Sleep is supposed to be rejuvenating—so why do you wake up so stiff all the time? Simple: it’s because you’ve just spent eight hours in one position, says Andrew Gitkind, MD, medical director of the Montefiore Spine Center. That’s why it’s so important to sleep in a position that won’t aggravate any existing aches, especially if you struggle with lower back pain, says Jennifer L. Solomon, MD, board certified physiatrist in physical medicine and rehabilitation at the Hospital for Special Surgery. (And if you haven’t already dealt with a sore back, there’s a good chance it’ll hit you at some point: 80% of adults will deal with back pain in their lifetimes, according to the National Institutes of Health.)
Here’s exactly how you should sleep—and how you shouldn’t—to wake up refreshed and back pain-free.
The best ways to sleep with lower back pain
Your main goal is to keep your spine in a neutral position, which includes your back in relation to your hips and pelvis, Dr. Gitkin says. You can achieve this either on your back or your side with a pillow to assist in keeping your spine straight. “The ideal positions are on your back with a pillow underneath your knees or on your side with a pillow in between your knees,” Dr. Solomon explains.
1. On your side with a pillow between your legs
2. On your back with a pillow under your knees
The worst sleep position for back pain
Stomach snoozers, listen up: The way you’re sleeping is absolutely terrible for your lower back. Resting your head to the side puts major stress on your cervical spine, or the area at the base of the neck, Dr. Gitkin says, and can mess with the alignment of the rest of your spine as well.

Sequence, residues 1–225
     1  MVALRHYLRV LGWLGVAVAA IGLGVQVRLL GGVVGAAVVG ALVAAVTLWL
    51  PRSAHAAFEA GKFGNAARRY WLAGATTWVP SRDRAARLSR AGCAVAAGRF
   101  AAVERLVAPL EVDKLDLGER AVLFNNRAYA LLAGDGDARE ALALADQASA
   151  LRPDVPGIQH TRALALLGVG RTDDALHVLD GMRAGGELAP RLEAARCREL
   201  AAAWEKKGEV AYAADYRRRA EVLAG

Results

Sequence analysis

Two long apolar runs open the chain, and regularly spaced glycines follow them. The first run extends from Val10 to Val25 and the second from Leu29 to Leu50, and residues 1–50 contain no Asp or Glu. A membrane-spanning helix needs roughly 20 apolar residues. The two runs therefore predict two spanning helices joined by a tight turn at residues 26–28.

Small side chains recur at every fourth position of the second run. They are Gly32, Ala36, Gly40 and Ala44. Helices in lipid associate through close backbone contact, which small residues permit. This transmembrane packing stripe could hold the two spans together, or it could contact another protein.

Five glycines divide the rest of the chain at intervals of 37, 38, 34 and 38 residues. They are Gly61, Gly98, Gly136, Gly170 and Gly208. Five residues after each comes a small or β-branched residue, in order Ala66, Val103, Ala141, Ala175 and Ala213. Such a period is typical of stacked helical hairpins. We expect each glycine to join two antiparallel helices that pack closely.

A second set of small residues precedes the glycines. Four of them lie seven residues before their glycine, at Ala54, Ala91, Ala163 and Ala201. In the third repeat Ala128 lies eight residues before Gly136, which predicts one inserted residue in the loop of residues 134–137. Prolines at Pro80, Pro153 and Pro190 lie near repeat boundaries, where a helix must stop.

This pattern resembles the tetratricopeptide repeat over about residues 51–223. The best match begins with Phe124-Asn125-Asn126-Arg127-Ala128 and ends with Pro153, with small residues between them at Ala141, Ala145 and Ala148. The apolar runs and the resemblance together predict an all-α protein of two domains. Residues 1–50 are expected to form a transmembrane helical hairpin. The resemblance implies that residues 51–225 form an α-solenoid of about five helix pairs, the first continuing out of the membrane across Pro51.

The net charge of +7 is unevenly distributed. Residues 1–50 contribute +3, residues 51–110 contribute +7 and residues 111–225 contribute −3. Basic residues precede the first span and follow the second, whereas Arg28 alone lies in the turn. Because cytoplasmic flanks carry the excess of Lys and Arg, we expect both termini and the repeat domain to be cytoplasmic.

If you keep waking up on your belly, Dr. Solomon suggests taping tennis balls to your chest. Sounds weird, but it works. “It will be so uncomfortable, that you’ll be forced to flip over,” she explains. It should also help you get used to the new, back-protecting position.
Is it time to replace your mattress?
If you’re already sleeping with good posture and are still waking up with lower back pain, your bed may be to blame. A high-quality mattress should last around 10 years, but the National Sleep Foundation recommends replacing yours after five if you’re not sleeping well. “Firmer mattresses tend to be better for chronic pain because they provide adequate support,” Michael Grandner, PhD, director of the Sleep and Health Research Program at the University of Arizona College of Medicine, told Prevention in a previous interview. Sleeping on a bed for a week or two is the best way to know whether a mattress is right for you, so he recommends buying one with a generous return policy.